We give historic explorers like Christopher Columbus and Ferdinand Magellan a lot of credit for their lengthy ocean voyages, but a tiny species of venomous sea snake may have them beat. National Geographic reports that, according to a recent study, the seven-ounce yellow-bellied sea snake (pelamis platura) may be capable of traveling thousands of miles by drifting along ocean currents. The findings were published in The Royal Society.
Researchers have long been baffled by the geographic dispersal of the yellow-bellied sea snake, which can be found in tropical oceanic waters all over the world. They began to theorize, starting in the 1970s, that the snake could have simply drifted across the ocean from its original home in southeastern Asia, but were unsuccessful at testing the theory: A scientist who attempted to track close to 100 snakes as they floated across the ocean managed to recapture only four.
But now, researchers have successfully modeled the theoretical trajectory of the sea snakes using a computer program to simulate ocean currents. Researchers traced the travels of 10,000 virtual snakes released from 28 different sites. They found that the snakes were theoretically capable of traveling 20,000 miles or more over the course of ten years.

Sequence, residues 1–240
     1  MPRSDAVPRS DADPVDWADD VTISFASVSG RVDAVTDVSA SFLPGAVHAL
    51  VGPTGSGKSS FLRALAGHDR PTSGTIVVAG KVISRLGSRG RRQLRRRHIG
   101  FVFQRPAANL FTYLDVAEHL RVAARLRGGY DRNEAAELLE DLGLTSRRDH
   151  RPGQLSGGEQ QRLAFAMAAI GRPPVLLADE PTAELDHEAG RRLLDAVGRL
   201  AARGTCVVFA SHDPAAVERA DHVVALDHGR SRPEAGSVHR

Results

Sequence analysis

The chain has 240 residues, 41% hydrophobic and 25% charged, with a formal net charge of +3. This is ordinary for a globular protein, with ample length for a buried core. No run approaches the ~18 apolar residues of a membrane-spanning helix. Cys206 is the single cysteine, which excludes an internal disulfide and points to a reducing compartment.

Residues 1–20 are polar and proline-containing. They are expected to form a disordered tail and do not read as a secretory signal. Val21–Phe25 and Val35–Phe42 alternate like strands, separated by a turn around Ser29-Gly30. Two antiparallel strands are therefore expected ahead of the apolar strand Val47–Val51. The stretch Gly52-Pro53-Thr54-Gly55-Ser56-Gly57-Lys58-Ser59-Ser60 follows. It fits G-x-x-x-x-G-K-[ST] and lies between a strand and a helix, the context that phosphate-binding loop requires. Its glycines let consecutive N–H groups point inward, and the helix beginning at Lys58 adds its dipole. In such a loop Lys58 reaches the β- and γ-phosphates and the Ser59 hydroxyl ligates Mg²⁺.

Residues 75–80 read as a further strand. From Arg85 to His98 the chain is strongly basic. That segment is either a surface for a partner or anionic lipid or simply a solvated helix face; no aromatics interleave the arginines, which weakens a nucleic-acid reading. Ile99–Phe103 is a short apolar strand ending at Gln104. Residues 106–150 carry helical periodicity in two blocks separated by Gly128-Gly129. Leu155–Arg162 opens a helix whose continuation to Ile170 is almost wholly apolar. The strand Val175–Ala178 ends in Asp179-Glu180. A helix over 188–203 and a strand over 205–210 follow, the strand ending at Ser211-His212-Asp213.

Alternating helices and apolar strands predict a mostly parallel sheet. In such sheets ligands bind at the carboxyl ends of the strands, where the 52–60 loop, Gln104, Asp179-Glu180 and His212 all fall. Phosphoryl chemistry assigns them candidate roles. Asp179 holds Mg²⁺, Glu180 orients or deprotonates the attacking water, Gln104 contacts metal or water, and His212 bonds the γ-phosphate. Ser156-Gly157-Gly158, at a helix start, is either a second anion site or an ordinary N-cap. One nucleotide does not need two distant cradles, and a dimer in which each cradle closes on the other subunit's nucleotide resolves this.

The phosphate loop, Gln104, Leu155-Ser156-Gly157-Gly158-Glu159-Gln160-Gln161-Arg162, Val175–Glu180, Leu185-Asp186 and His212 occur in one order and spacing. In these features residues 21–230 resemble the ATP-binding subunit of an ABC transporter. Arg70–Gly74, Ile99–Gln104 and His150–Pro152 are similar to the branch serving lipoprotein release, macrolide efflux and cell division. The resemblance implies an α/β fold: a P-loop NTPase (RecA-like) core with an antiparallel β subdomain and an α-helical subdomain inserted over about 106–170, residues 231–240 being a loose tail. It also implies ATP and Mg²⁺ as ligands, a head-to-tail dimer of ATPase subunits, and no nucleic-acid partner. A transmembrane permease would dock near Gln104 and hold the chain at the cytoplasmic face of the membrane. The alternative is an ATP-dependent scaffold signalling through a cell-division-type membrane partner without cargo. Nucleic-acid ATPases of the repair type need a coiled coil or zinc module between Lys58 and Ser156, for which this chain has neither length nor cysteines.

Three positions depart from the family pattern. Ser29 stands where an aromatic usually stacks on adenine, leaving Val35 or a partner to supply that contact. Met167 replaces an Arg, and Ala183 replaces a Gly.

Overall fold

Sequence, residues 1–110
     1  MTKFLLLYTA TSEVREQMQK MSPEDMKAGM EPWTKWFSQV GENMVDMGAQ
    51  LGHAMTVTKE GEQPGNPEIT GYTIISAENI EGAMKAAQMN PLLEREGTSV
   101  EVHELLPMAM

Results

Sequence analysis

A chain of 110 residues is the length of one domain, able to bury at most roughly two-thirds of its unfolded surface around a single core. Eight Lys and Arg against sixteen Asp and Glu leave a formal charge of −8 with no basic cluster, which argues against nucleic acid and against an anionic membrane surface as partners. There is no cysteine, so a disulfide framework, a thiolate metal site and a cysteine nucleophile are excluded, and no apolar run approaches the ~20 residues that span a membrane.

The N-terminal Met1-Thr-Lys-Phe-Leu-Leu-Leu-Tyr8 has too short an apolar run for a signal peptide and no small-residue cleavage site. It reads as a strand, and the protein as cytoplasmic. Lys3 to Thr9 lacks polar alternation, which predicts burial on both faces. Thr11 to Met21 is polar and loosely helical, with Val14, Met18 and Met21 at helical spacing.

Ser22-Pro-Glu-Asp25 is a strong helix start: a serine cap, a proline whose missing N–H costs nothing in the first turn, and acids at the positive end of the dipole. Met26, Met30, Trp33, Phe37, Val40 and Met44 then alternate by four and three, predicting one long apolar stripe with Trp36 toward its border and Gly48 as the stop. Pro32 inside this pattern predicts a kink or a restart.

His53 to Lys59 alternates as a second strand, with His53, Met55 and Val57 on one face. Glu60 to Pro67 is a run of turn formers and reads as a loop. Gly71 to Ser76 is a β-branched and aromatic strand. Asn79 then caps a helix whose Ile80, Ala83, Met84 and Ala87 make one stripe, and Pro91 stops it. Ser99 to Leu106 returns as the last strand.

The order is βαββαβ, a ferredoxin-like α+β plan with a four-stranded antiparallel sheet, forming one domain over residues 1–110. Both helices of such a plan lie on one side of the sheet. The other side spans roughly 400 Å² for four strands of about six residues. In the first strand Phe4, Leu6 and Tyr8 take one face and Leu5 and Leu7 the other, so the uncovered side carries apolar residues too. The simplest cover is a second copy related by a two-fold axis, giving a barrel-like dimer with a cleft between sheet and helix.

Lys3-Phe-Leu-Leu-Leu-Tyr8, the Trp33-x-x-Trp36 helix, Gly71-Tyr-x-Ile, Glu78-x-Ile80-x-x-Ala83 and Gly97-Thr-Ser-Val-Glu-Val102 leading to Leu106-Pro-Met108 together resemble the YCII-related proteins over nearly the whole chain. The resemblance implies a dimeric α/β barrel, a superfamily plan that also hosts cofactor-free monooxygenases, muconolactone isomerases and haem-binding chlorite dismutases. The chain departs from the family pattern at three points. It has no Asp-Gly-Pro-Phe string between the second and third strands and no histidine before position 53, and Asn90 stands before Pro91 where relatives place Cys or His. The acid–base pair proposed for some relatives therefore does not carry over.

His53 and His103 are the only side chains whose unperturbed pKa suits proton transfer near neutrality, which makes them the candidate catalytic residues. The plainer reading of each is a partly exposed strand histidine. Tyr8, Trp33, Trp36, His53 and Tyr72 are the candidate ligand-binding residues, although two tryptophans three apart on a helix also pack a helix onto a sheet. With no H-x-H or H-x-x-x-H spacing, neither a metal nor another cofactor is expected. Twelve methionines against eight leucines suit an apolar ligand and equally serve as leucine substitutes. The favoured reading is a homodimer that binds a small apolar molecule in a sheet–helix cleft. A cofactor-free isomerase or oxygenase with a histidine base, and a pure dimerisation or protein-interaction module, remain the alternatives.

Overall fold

Of course, tracking the survival of a computer-generated snake isn’t the same as observing the travels of a live snake first-hand. But researchers now believe it’s plausible that the yellow-bellied snake, which can hold its breath under water for an amazing three and a half hours, may have simply surfed the waves from its evolutionary birthplace in Southeast Asia to the Americas and Africa. They note that no other snake species has traveled farther. In fact, the snake’s travel range is closer to that of the average whale than the average snake.
[h/t National Geographic]
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